Ragged But Right


Ragged but Right: Black Traveling Shows, “Coon Songs,” and the Dark Pathway to Blues and Jazz, by Lynn Abbott and Doug Seroff

from http://www.upress.state.ms.us:

The commercial explosion of ragtime in the early twentieth century created previously unimagined opportunities for black performers. However, every prospect was mitigated by systemic racism. The biggest hits of the ragtime era weren’t Scott Joplin’s stately piano rags. “Coon songs,” with their ugly name, defined ragtime for the masses. Though the name itself is offensive to modern ears, it is impossible to investigate black popular entertainment of the ragtime era without directly confronting the “coon songs” which cleared the way for the “original blues.”

In Ragged but Right Lynn Abbott and Doug Seroff investigate musical comedy productions, sideshow bands, and itinerant tented minstrel shows. Ragtime history is crowned by the “big shows,” the stunning musical comedy successes of blackface performers Williams and Walker, Bob Cole, and Ernest Hogan. Under the big tent of Tolliver’s Smart Set, Ma Rainey, Clara Smith, and others were converted from “coon shouters” to “blues singers.” Throughout the ragtime era, circuses and Wild West shows exploited the popular demand for black musicians and performers yet segregated and subordinated them to the sideshow tent. Minstrel shows have long been marginalized in discussions of the history of blues and jazz. Yet this overlooked black entertainment industry helped to move blues and jazz into the mainstream.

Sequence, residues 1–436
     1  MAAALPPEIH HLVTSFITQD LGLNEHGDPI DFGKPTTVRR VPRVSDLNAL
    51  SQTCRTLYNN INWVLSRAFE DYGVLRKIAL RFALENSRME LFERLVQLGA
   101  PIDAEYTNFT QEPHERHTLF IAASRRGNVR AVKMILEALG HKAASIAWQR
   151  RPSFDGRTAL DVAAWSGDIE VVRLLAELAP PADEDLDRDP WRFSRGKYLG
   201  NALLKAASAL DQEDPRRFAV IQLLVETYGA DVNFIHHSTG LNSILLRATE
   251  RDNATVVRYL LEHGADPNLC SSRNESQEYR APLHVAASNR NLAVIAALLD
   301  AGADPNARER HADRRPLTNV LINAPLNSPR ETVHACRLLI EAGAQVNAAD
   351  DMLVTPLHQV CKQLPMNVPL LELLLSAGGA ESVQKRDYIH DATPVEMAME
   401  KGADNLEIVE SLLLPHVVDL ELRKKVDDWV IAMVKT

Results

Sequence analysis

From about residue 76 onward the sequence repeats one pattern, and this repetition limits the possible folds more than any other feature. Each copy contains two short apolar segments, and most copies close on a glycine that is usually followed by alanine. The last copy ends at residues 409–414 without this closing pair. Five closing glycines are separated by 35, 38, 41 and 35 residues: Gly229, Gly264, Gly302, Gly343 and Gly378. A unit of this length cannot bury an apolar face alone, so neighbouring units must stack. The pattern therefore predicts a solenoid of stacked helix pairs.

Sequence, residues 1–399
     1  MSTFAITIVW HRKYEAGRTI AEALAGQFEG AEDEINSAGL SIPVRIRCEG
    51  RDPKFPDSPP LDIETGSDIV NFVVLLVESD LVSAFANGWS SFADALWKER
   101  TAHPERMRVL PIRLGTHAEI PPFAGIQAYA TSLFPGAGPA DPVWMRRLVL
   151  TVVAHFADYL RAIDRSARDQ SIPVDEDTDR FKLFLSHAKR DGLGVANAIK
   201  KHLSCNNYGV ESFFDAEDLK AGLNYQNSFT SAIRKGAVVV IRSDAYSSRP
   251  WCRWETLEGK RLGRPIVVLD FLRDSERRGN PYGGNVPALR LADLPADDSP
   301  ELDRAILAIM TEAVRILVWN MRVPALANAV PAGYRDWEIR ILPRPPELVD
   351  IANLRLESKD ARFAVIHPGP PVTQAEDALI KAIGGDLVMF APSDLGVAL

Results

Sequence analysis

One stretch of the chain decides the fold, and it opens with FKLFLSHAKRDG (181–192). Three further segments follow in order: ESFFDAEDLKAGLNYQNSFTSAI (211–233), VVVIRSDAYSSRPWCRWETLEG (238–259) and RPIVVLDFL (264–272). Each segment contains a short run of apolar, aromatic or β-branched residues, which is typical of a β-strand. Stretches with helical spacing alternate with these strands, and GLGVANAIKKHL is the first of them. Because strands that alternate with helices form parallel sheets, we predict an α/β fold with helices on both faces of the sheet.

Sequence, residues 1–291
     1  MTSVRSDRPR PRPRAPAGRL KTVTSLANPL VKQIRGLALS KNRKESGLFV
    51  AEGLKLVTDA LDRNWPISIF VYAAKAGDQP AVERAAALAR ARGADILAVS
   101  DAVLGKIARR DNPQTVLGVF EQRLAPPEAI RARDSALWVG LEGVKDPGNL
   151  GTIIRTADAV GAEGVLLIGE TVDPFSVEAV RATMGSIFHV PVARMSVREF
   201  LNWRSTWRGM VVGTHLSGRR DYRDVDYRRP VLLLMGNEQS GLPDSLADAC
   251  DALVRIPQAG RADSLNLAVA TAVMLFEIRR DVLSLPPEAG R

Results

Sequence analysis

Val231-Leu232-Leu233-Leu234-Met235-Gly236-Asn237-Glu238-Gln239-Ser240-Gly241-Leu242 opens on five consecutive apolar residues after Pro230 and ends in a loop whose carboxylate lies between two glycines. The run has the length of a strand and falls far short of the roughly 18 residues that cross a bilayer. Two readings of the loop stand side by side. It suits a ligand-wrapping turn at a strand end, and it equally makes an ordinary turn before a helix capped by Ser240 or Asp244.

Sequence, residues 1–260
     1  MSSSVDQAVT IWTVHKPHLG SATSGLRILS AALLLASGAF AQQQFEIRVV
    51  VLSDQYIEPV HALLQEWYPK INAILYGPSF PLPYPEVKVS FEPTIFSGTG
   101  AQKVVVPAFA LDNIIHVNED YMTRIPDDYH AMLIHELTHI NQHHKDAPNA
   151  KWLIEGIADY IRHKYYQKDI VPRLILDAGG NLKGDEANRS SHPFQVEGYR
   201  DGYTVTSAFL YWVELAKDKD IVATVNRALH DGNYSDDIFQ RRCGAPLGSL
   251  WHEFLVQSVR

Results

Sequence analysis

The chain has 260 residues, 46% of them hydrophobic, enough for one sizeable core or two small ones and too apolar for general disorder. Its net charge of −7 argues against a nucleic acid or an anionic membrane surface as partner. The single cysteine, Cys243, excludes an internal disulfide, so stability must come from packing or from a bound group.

Drawing from careful reading of the Indianapolis Freeman, Chicago Defender, and other black newspapers and mainstream entertainment trade papers, the authors reveal a torrent of creativity that swept thousands of black writers, performers, musicians, and entrepreneurs into the professional ranks despite the overt racism of the times.

Lynn Abbott works for the Hogan Jazz Archive at Tulane University. Doug Seroff is an independent scholar living in Greenbrier, Tennessee.

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